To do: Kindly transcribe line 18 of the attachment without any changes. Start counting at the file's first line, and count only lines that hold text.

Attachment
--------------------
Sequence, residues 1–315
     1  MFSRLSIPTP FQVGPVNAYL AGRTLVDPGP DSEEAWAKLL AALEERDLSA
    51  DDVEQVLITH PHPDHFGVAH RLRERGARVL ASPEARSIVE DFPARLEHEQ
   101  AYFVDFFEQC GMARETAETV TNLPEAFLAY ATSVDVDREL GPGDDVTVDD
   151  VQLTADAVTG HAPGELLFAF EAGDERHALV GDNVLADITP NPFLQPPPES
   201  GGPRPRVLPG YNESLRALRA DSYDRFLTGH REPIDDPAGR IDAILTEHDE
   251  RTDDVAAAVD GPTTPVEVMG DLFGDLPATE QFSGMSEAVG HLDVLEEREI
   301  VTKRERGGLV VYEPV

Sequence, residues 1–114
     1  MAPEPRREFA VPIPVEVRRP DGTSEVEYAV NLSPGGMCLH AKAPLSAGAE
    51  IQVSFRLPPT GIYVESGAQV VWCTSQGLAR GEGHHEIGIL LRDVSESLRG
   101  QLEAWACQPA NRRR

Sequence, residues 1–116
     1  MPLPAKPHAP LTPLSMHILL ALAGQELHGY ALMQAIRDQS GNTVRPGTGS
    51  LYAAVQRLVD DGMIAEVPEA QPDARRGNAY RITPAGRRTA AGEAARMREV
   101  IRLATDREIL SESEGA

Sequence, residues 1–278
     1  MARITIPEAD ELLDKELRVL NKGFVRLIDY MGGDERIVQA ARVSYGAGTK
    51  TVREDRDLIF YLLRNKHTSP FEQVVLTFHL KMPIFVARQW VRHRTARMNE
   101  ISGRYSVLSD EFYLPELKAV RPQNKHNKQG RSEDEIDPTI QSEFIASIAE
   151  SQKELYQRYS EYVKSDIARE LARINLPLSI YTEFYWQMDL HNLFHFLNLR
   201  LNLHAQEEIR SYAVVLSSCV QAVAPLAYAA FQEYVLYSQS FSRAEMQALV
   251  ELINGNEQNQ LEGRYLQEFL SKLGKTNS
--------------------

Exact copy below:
     1  MARITIPEAD ELLDKELRVL NKGFVRLIDY MGGDERIVQA ARVSYGAGTK